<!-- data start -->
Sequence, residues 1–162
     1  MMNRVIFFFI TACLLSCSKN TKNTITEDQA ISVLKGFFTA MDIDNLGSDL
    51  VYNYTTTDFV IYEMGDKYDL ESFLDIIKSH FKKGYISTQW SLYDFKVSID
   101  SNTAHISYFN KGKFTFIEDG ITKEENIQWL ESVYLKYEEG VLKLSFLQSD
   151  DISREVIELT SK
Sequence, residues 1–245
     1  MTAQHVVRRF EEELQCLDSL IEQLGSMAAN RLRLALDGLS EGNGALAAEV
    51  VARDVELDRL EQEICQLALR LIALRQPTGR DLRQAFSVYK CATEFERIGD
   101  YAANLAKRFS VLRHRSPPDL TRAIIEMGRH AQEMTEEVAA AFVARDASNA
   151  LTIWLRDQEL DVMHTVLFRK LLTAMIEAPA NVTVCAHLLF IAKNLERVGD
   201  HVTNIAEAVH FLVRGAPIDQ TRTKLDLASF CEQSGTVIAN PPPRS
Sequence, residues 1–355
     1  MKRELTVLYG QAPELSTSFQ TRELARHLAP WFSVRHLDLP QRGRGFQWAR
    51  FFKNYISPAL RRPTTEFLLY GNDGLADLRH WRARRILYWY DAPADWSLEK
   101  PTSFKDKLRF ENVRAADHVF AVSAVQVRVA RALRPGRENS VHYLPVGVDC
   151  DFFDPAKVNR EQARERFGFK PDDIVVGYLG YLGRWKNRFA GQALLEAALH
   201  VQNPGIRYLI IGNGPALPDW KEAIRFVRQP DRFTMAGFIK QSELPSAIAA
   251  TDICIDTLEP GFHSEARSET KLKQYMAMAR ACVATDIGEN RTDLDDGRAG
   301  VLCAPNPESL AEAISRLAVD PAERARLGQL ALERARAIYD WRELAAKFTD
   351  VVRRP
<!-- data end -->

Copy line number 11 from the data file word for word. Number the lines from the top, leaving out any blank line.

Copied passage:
   201  HVTNIAEAVH FLVRGAPIDQ TRTKLDLASF CEQSGTVIAN PPPRS